Dhruv Bhutani / Android Authority
When Apple launched the iPhone 4S in 2011, Siri quickly became one of the phone’s headlining features as it was one of the first voice assistants ever released. Unlike simple voice recognition on previous iPhone models that could only perform basic tasks, Siri could deliver the weather, set calendar appointments, and even respond to a handful of philosophical questions. Siri has gained capabilities over the years but the recent releases of AI services like ChatGPT and Google Bard have left it behind somewhat. So with that in mind, is Siri an AI? Let’s break it down.
Is Siri an AI?
Edgar Cervantes / Android Authority
Yes, Siri is an AI in the sense that it attempts to emulate human intelligence. However, it’s important to understand that we don’t judge artificial intelligence on a single metric. Siri passes one of the most basic requirements of AI: the ability to communicate in natural languages like English. It can also understand and respond in speech, another feature that we typically associate with AI.
Siri lacks some qualities required for true artificial intelligence.
Having said that, Siri has various inherent limitations that prevent it from understanding complex questions or responding in a way that a human would. For example, you can ask it to perform a simple math problem or currency conversion. However, Siri is not an AI that can perform this task on its own. Instead, it relies on a set of arithmetic algorithms similar to a calculator, which most people wouldn’t consider an example of AI these days.
In today’s world, older chatbots like Siri would fall under the category of narrow or weak AI. In other words, it shows limited signs of human intelligence and can only perform a small number of tasks. Apple could change how Siri works in the future but it pales in comparison to newer services like ChatGPT and Microsoft Copilot for now.
How does Siri work? Does it use machine learning?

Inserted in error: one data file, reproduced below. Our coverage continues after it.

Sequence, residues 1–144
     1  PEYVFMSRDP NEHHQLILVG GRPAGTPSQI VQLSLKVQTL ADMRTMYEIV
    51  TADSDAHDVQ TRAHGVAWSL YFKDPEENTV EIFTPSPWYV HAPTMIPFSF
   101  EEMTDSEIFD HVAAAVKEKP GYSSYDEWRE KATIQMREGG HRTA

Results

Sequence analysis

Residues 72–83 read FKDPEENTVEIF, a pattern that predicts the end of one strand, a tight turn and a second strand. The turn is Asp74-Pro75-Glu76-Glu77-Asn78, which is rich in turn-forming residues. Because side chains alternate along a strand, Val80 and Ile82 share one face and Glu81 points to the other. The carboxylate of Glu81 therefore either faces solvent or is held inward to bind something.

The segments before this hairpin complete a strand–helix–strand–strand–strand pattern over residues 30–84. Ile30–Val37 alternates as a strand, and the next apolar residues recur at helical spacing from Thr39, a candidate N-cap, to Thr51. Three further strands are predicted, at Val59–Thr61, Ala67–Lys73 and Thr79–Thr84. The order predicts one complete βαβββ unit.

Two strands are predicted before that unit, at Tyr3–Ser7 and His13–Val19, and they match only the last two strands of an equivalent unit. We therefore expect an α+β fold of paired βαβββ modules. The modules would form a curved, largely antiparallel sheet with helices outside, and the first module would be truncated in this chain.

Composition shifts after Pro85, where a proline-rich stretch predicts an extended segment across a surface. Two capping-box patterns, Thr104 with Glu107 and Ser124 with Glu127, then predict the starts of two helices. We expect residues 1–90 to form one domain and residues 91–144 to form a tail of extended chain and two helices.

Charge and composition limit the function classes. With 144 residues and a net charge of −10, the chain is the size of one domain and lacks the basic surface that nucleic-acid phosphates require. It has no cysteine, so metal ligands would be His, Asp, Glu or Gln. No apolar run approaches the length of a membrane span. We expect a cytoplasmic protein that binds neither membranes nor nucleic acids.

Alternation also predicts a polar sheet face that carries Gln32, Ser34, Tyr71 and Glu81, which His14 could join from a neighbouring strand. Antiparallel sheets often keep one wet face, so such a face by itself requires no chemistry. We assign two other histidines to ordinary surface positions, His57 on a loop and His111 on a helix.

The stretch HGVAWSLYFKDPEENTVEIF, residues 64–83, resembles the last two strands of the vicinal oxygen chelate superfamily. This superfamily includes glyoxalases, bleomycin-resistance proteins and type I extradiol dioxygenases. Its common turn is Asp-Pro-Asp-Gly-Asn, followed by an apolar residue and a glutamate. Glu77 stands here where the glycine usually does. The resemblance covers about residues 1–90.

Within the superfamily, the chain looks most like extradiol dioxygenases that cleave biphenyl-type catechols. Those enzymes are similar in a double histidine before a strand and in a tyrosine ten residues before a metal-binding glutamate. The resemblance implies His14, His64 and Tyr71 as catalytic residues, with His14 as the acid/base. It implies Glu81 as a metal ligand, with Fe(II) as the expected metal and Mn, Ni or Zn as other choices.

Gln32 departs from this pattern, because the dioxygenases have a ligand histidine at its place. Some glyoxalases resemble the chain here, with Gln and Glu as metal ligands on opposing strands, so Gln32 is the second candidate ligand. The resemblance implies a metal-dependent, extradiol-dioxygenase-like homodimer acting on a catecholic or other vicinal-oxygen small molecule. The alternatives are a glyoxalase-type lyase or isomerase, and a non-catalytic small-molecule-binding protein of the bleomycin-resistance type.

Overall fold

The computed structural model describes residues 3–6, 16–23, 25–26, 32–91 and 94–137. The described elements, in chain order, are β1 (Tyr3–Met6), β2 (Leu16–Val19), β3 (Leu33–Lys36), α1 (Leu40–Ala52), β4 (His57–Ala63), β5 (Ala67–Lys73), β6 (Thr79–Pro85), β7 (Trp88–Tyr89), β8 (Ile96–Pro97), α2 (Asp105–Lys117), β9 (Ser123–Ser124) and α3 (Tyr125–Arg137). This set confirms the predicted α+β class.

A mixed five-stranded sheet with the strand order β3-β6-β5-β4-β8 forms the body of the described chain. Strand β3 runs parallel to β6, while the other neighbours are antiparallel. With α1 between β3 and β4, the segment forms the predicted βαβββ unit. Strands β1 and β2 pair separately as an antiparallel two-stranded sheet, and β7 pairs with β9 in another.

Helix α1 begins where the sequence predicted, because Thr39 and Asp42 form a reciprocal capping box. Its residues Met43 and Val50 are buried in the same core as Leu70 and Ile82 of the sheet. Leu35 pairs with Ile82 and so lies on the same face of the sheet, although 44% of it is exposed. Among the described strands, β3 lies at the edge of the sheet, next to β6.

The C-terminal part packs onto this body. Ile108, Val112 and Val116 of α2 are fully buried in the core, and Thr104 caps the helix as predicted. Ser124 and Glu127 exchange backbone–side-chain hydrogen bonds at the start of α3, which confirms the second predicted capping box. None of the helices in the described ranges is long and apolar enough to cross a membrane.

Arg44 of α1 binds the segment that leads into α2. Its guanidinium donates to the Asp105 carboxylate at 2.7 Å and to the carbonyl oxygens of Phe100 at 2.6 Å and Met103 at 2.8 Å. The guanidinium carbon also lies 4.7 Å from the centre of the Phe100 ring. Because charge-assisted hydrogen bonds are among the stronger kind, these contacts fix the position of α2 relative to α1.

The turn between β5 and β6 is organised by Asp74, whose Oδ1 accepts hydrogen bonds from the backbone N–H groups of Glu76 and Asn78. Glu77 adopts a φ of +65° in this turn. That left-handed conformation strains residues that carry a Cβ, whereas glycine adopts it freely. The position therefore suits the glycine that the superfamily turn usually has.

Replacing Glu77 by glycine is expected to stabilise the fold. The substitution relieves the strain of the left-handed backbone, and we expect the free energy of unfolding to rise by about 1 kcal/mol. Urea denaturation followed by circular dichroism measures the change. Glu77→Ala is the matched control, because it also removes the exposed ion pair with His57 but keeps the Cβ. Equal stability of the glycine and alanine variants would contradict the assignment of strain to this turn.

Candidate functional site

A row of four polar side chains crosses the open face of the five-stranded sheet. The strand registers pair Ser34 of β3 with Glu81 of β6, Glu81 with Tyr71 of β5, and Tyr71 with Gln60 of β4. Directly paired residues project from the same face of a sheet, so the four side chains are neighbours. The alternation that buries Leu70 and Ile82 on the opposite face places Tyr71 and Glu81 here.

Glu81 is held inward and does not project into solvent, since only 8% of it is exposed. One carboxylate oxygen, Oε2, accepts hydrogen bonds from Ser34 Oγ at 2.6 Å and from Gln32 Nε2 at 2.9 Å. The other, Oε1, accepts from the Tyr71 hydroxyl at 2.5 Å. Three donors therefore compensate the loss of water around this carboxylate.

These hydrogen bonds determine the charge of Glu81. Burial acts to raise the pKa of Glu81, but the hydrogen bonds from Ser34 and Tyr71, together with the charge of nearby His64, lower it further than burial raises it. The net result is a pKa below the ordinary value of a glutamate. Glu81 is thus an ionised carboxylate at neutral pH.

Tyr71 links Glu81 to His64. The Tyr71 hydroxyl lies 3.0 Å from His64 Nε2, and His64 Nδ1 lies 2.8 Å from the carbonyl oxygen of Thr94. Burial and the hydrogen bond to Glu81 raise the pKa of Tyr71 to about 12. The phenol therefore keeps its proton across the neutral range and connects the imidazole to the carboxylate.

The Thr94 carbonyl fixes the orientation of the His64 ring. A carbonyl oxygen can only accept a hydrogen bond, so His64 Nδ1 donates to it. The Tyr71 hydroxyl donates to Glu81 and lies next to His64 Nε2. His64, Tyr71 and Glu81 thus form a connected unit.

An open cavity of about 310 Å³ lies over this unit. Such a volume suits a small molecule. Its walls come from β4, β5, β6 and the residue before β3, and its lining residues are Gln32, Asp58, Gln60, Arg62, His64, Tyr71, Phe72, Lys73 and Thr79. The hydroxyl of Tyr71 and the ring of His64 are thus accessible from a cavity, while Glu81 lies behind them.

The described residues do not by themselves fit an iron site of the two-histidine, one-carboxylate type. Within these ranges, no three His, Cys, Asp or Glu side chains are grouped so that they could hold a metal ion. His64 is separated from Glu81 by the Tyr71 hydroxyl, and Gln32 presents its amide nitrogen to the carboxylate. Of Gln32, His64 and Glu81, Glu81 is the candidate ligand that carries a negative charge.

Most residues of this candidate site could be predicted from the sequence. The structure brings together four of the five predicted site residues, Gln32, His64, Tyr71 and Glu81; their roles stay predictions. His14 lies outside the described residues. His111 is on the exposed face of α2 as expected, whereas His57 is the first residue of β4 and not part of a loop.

Jimmy Westenberg / Android Authority
Siri uses a combination of voice recognition, natural language processing (NLP) AI tech, and machine learning-based algorithms to handle common tasks. Let’s go through each one in more detail:
- Voice recognition: This may seem self-explanatory, but it’s a surprisingly complex problem as Siri has to handle a range of languages and accents from all over the world. Apple used machine learning to train a speech recognition model that can handle these edge cases.
- Natural language processing (NLP): Early chatbots could only respond to a set of queries, like “What is the weather?” Siri can handle a slightly broader set, thanks to a branch of AI called natural language processing (NLP). You can ask questions like “Will it rain tomorrow?” and end up with the same weather forecast. When Siri first released, this was relatively new tech and regarded as a cutting-edge example of AI.
- Task execution: Siri is currently incapable of thinking like a human, and instead relies on predefined algorithms for common tasks like arithmetic or setting reminders on your device. Apple likely uses machine learning for some tasks but it’s a far cry from being all-encompassing. There are still hundreds of tasks you cannot ask Siri to perform, like accessing a random third-party app on your phone or Mac.
The final task execution stage is where we’d judge the capabilities of an AI and Siri ultimately falls short. It doesn’t emulate human intelligence and certainly cannot code or solve math problems without outside help. Likewise, it cannot generate images or recognize objects in an image like a human would.
In summary then, Siri incorporates some facets of AI but cannot be wholly defined as an AI. That’s especially true now that generative AI chatbots like ChatGPT have come along that show emergent intelligence properties.
When will Siri become an AI?
Robert Triggs / Android Authority
Siri has received minor improvements over the past decade, but its primary use cases haven’t changed much. The competition has become a lot more serious in that time. Google’s Assistant with Bard, for example, fuses the search giant’s Siri rival with generative AI. This will allow the new Google Assistant to converse on a range of different subjects and respond more like a human.
While Apple hasn’t announced a similar AI push for Siri just yet, Bloomberg and 9To5Mac have found evidence that the company has started working on it internally. Code references point to Siri using generative AI to suggest replies in the Messages app and summarize a given piece of text. These are features we’ve seen in Samsung’s Galaxy AI and Google’s Pixel series so it’s possible that the next generation iPhone will match it as well.
Apple faces tough competition in the smartphone space, thanks to AI.
While generative AI models offer much more advanced functionality than Siri in its current state, it does have a few downsides. When ChatGPT first released, it was prone to hallucinating or responding with incorrect information. Things have improved since, but it’s still a risk inherent to large language models like GPT-4. It’ll be interesting to see Apple’s approach to this problem as the company likes to avoid risk and only embrace mature technologies. That said, competition from Google, Samsung, and other smartphones may force Apple to embrace the modern AI paradigm.